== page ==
Can Someone Knowledgeable “Explain” the ESP8266?

As topic title suggests, I’m a little confused by this family of devices. I have used it successfully in several projects that include web servers, Blynk user interfaces, and I2C / SPI peripherals. So, I don’t have a problem using it, there’s just a couple things I don’t get:

First, where’s the REAL datasheet? If I go to the Atmel or Freescale web site and download a processor’s datasheet, it’s hundreds (or thousands) of pages long. There will be detailed descriptions of register maps explaining the function of each bit field. There will be chapters describing all the internal resources such as timers / counters, SPI interfaces, internal buses, interrupt controllers, etc. Most of the “datasheets” I see online for ESP8266-based devices are 20 or 30 pages long. Where’s the rest of it? Is everything available in one place, or is the information spread around?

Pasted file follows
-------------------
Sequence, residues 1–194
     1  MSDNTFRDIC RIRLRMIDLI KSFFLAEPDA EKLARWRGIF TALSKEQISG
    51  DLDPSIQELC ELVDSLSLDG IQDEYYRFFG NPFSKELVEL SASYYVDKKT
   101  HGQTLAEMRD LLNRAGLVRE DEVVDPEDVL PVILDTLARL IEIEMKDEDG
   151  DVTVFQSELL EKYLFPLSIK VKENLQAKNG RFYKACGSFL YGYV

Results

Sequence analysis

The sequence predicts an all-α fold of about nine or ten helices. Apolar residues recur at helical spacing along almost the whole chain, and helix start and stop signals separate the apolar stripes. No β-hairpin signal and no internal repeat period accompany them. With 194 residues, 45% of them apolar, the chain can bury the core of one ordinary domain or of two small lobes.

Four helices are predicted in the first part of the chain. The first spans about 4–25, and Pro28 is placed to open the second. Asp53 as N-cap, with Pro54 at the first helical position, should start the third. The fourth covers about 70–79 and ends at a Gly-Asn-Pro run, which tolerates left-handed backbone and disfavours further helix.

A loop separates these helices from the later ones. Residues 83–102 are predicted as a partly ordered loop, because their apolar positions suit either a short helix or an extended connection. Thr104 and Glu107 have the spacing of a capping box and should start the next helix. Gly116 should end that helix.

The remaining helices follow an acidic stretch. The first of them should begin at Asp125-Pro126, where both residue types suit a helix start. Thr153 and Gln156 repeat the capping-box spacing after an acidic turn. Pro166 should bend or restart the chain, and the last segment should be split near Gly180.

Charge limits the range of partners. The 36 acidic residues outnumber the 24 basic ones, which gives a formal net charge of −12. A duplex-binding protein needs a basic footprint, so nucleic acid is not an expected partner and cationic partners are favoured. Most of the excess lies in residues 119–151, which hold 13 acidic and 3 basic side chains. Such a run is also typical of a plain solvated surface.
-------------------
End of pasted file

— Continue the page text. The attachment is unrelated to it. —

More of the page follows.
Second, and more specifically, how does instruction fetching work with this processor? It doesn’t have internal Flash, but connects to an external SPI Flash. So, how does instruction fetching from SPI keep up with an 80 MHz processor? Are chunks of Flash pre-fetched into internal RAM?

Thanks for your help.

Perhaps the ESP8266 Forum will have your answers

I think the most detailed document I have is one which is titled "ESP8266EX Hardware User Guide" but it is only 48 pages long.

Kolban's ESP8266 book has a lot of useful stuff


here are all the official docs. use More+ button on the bottom.[]=14

For question 2, the esp also has internal rom, and ram. Some of the ram implements cache memory that sits in front of the spi flash.

For q1, well, welcome to China. Pleas send your (Chinese-speaking) engineers to speak with the expressif engineers if you need more detailed technical info. (Come to think of it, Intel is not so different.)

and perhaps Tensilica L106 datasheet is applicable

Could you find an l106 datasheet? There is apparently an announcement of the micro106 architecture, which does not have cache so perhaps isn’t exactly correct. People who have looked further have apparently not found anything, and the architecture is extensible beyond the core definition... otoh, it’s apparently able to use the stock xtensa gcc, so it can’t be too far off.